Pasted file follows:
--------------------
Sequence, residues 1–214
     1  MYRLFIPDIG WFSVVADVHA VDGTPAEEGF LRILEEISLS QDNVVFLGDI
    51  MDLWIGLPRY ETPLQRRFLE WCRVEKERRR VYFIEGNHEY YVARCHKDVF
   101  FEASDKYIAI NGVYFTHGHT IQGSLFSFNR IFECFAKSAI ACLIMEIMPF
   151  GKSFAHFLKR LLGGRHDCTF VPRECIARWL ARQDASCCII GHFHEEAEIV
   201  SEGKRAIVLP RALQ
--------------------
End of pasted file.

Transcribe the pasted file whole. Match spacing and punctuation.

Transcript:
Sequence, residues 1–214
     1  MYRLFIPDIG WFSVVADVHA VDGTPAEEGF LRILEEISLS QDNVVFLGDI
    51  MDLWIGLPRY ETPLQRRFLE WCRVEKERRR VYFIEGNHEY YVARCHKDVF
   101  FEASDKYIAI NGVYFTHGHT IQGSLFSFNR IFECFAKSAI ACLIMEIMPF
   151  GKSFAHFLKR LLGGRHDCTF VPRECIARWL ARQDASCCII GHFHEEAEIV
   201  SEGKRAIVLP RALQ